Monday, December 14, 2015
Empire of the Moghul
Raiders from the north
The first volume revolves around the story of Babur, heir to the ruler of Ferghana, Umar Shaikh. From his childhood onward, Babur vies against both foreign enemies and treachery from within his own court and family. Throughout most of his life Babur struggles to retain Samarkand, the ancestral capital of his family, repeatedly losing and recapturing it from his nemesis the Uzbek warlord Shaibani Khan. Babur's final seizure of Samarkand is rejected by the city's Sunni population due to the conspicuous aid of the Shiite Persians in his restoration, and he is eventually forced to abandon his ancestral homelands in Central Asia for new conquests in Hindustan. At his death in 1530, Babur controls an empire stretching from Kabul to Bengal.
Brothers at war
The second volume tells the story of Humayun, Babur's son and the second ruler of the Moghul Empire. Humayun is a well-meaning but dissolute ruler, prone to rash judgement and easily manipulated. Nonetheless Humayun successfully holds his father's empire for nearly ten years and conquers Gujarat before he suffers several setbacks that nearly cost him his throne. A combination of battlefield defeats from Bengali ruler Sher Shah and treachery from his half-brothers Kamran and Askari leave Humayun with only the Afghan portions of the empire.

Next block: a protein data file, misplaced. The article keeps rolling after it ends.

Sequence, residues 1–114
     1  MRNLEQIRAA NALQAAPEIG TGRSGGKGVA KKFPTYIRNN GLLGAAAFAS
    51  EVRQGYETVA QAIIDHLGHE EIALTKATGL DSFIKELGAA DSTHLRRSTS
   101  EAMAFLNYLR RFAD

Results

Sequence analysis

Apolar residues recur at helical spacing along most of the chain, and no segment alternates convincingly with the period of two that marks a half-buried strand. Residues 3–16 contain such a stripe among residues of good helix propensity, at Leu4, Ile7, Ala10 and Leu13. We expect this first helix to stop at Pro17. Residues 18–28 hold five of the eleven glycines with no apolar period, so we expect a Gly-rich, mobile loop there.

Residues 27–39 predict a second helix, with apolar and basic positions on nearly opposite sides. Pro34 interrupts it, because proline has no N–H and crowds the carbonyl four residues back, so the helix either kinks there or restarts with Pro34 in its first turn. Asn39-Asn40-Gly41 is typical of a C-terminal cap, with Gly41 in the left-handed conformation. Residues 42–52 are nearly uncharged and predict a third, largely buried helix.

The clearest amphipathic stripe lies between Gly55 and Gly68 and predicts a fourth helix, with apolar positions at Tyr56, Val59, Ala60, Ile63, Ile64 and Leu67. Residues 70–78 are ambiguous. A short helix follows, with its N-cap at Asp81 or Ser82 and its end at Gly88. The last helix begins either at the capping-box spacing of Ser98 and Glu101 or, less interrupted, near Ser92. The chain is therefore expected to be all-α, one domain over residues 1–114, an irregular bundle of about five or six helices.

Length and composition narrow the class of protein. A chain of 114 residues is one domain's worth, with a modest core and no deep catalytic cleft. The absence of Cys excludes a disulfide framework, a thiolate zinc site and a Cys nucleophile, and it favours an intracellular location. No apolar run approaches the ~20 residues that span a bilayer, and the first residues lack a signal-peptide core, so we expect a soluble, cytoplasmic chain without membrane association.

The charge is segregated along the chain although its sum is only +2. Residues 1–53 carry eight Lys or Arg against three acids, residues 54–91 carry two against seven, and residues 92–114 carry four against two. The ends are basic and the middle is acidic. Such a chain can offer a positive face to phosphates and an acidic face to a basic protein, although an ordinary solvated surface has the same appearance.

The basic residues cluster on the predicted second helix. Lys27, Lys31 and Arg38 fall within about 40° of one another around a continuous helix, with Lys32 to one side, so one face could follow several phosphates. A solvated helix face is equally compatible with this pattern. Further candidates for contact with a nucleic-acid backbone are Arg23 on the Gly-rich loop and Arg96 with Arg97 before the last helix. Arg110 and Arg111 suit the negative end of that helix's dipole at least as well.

Humayun spends the next fifteen years rebuilding his strength, partly with Persian aid. Though merciful to his siblings, their recurrent treachery forces Humayun to exile Askari and Kamran via a hajj to Mecca, with Kamran being blinded on Humayun's orders. Eventually Humayun and his son Akbar reconquer Hindustan after the death of Islam Shah, the son of Sher Shah. Barely six months after rebuilding the Mughul Empire, Humayun breaks his neck while falling down a flight of stairs.
Ruler of the World
Akbar, a bold ruler, faced many problems to control a vast kingdom. With many enemies, he had no one to trust, with his own milk-mother and brother planning to plot against him. He mercilessly crushed rebellions, entered into matrimonial alliances with the martial Rajputs, and controlled his son's ambitions to build the greatest kingdom of the subcontinent. He ranks among the greatest Moghuls.
Jahangir, succeeded to his throne after his father's sudden death he was made a king. With hardships, he faced the enemies his father had.
The Serpent's Tooth
The fifth in a powerful and epic series of novels about the ruthless warrior emperors who ruled much of central Asia through the sixteenth and seventeenth centuries. The Moghul emperors are still bloodthirsty and entirely ruthless; they control a quarter of the world's population and have wealth beyond imagining. But this is the final flowering of a doomed empire and, while Shah Jahan mourns his dead wife and obsesses over the Taj Mahal, her monument, his son Aurangzeb is planning to take his father's throne, by any means necessary.
Traitors in the Shadows
The sixth volume covers the reign of Aurangzeb.